The Healthy Hāpai program is ideal for mothers in their first and second trimesters, and open to mothers in their third trimester as well. Both first-time and experienced mothers are encouraged to join and meet other pregnant moms. Participants are welcome to bring a partner, friend, or family member to class.
     To sign up or learn more, expectant mothers can call Hui Mālama Ola Nā ʻŌiwi at (808) 969-9220. For more information, visit hmono.org.

VOLCANO ART CENTER OFFERS BEGINNING HAWAIIAN LANGUAGE CLASSES - two 8-week courses - starting Thursday, Jan. 11, at their Ni‘aulani Campus in Volcano Village. Both courses focus on simple vocabulary, conversation, grammar, and sentence structure. No experience necessary. Part One is scheduled for 5 p.m. to 6:30 p.m. on Thursdays and requires no prior experience in Hawaiian Language. Part Four follows from 6:30 p.m. to 8 p.m. on Thursdays - some experience with Hawaiian Language is preferred. The course fee for either class is $80 for Volcano Art Center members and $90 for non-members. Register online at volcanoartcenter.org.

See event details above. 
A FREE PUBLIC HEALTH SHOWER WITH HOT WATER, soap, shampoo, and clean towels is offered at St. Jude's Episcopal Church in Ocean View every Saturday, from 9 a.m. to 2 p.m., along with a free hot meal.

VOLUNTEER WITH HAWAI‘I VOLCANOES NATIONAL PARK, with the Stewardship of Kīpukapuaulu program, at 9:30 a.m. on Thursday, Jan. 11, with volunteers meeting in the Kīpukapuaulu parking lot on Mauna Loa Road off Hwy 11, near Volcano Village. Volunteers will help remove invasive plants, like morning glory, from an area said to be home to an "astonishing diversity of native forest and understory plants." The event will take place again on Jan. 18 and 25. Free; park entrance fees apply. For more, contact Marilyn Nicholson at nickem@hawaii.rr.com or visit nps.gov/HAVO.

TRAVERSE THE VAST 1868 LAVA FLOW with different volcano features and formations in a free, easy-to-moderate, guided hike entitled Birth of Kahuku on Saturday, Jan. 13, from 9:30 a.m. to 11:30 a.m., at Kahuku Unit of Hawai‘i Volcanoes National Park. Explore the rich geologic history of Kahuku, and learn about the Hawaiian hotspot and the creation of Kahuku. For more, visit nps.gov/HAVO.

Navigational Cylinder by Heather Mettler.
Photo from Volcano Art Center
A NEW VOLCANO ART CENTER GALLERY EXHIBIT, PASSAGE AND PLACE, SHOWCASES Heather Mettler's handblown, chiseled, and etched glassworkThe display will be open to the public from Saturday, Jan. 13, to Sunday, Feb. 11, during normal gallery hours - 9 a.m. to 5 p.m., daily. Mettler's unique collection of glass explores the themes of migration, navigation, and immigration - how plants, animals, and people find their way to Hawai‘i. Free; park entrance fees apply.

BINTI BAILEY, LARRY SEYER, AND JEAN PEIRRE THOMA AND THE JAZZTONES will perform twice on Saturday, Jan. 13, with a matinee from 4:30 p.m. to 6:30 p.m., and an evening performance from 7 p.m. to 9 p.m., at Volcano Art Center. "Almost Like Being in Love" is the theme, with love songs from around the world. Tickets are $18 for Volcano Art Center members and $20 for non-members. Purchase tickets online at volcanoartcenter.org. Wine, beer, and pupu (appetizers) will be available for purchase at the event.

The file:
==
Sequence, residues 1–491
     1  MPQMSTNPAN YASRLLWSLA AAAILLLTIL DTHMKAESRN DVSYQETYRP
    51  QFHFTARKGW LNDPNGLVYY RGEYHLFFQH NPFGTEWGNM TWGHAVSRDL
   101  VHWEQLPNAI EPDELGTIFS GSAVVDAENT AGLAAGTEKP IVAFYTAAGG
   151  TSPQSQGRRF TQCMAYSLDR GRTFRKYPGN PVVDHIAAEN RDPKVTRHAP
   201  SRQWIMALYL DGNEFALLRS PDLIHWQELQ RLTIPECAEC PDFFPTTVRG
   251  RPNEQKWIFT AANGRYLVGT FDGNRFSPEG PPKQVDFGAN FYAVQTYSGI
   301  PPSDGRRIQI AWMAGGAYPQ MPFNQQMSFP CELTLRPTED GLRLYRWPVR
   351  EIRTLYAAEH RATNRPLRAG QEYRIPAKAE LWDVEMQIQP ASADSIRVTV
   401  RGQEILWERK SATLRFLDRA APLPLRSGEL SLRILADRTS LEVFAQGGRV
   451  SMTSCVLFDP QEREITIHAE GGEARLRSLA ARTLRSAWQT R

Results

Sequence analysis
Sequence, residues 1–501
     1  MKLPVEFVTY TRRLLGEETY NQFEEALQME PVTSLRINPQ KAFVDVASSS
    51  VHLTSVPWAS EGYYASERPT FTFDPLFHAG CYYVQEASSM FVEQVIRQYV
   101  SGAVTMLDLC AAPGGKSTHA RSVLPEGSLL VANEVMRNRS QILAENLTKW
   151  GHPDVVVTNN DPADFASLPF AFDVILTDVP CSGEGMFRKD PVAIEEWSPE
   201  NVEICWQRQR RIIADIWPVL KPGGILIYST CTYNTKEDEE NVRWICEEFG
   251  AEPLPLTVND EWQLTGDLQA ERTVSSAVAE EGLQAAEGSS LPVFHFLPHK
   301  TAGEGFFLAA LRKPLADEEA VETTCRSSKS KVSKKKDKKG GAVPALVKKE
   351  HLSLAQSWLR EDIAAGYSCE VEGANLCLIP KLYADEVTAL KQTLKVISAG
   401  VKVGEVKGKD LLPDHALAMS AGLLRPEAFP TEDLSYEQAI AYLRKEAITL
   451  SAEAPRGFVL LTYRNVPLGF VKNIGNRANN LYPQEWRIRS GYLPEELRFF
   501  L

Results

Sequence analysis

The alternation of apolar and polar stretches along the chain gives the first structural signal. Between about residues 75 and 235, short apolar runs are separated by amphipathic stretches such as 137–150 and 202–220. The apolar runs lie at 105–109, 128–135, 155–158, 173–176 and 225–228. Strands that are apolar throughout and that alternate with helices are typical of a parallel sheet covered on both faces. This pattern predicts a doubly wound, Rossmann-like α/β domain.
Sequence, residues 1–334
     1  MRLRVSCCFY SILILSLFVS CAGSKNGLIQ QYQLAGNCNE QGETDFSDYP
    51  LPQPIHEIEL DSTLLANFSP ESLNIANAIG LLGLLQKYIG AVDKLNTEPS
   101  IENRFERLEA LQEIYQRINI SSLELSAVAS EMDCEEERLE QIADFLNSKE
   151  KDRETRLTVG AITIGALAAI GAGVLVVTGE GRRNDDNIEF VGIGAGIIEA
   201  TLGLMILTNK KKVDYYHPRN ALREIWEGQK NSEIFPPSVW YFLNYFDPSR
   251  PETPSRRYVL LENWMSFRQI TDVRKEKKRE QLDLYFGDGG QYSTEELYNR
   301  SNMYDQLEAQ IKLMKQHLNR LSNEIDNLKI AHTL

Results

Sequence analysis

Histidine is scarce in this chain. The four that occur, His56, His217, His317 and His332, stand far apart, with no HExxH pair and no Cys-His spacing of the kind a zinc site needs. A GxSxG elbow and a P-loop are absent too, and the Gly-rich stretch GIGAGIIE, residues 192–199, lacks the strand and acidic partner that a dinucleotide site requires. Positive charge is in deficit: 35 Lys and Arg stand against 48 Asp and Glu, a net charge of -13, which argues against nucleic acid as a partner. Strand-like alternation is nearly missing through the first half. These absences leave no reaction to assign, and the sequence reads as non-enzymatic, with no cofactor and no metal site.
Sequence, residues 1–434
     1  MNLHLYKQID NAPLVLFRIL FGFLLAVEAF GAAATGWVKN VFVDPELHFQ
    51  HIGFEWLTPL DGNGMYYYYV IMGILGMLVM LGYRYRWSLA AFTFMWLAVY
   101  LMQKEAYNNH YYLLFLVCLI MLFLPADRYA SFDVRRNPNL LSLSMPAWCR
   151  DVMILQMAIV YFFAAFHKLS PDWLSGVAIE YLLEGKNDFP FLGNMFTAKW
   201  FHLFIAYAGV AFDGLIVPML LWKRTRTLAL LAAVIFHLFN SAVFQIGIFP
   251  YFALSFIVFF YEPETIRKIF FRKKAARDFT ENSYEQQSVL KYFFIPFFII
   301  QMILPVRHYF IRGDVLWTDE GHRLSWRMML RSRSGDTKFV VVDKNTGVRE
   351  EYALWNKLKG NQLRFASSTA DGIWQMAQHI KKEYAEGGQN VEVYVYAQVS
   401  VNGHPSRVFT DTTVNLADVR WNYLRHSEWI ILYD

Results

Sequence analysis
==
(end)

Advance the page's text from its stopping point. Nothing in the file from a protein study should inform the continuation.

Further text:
A PANCAKE BREAKFAST will be held on Saturday, Jan. 13, from 8 a.m. to 11 a.m., at Ocean View Community Center. For more, call 939-7033 or visit ovcahi.org.

PATTI PEASE JOHNSON teaches a Silk Painting with Wax Resist workshop on Saturday, Jan. 13, from 9 a.m. to 12:30 p.m., at Volcano Art Center in Volcano Village. The class combines batik methods with the art of Serti silk painting to create a representational piece of art, i.e. wall hanging. The workshop fee is $45 per Volcano Art Center member and $50 per non-member, plus a $10 supply fee per person. Beginner and intermediate artists are welcome. Register online at volcanoartcenter.org.

A ZENTANGLE CLASS FEATURING THE ZENDALA - TWIRLING LEAVES takes place Saturday, Jan. 13, from 10 a.m. to 1 p.m., at Volcano Art Center in Volcano Village. The class blends inspiration from nature with traditional Zentangle patterns and is suitable for beginning or returning tanglers. The class fee is $30 for Volcano Art Center members and $35 for non-members, plus a $10 supply fee. Register online at volcanoartcenter.org.

STEWARDSHIP AT THE SUMMIT takes place Saturday, Jan. 13, with volunteers removing invasive, non-native plant species that prevent native plants from growing in Hawai‘i Volcanoes National Park. Interested volunteers should meet Paul and Jane Filed at Kīlauea Visitor Center at 8:45 a.m. The event will take place again on Jan. 19 and 26. Free; park entrance fees apply. For more see nps.gov/HAVO.

HAWAI‘I WILDLIFE FUND NEEDS VOLUNTEERS TO HELP LOAD NETS, previously collected from the coast, into a container at Wai‘ōhinu Transfer Station on Sunday, Jan. 14, starting at 9 a.m. Bring personal drinking water. To sign-up, email kahakai.cleanups@gmail.com.

‘ŌHI‘A LEHUA is the title of an easy, one-mile, ranger-led walk scheduled for Sunday, Jan. 14, from 9:30 a.m. to 11 a.m., at Kahuku Unit of Hawai‘i Volcanoes National Park. Learn about the vital role of ‘ōhi‘a lehua in native Hawaiian forests, and the many forms of the ‘ōhi‘a tree and its flower. The walk is free to attend. For more, visit nps.gov/HAVO.

To read comments, add your own, and like this story, see Facebook. Follow us on Instagram and Twitter. See our online calendars and our latest print edition at kaucalendar.com.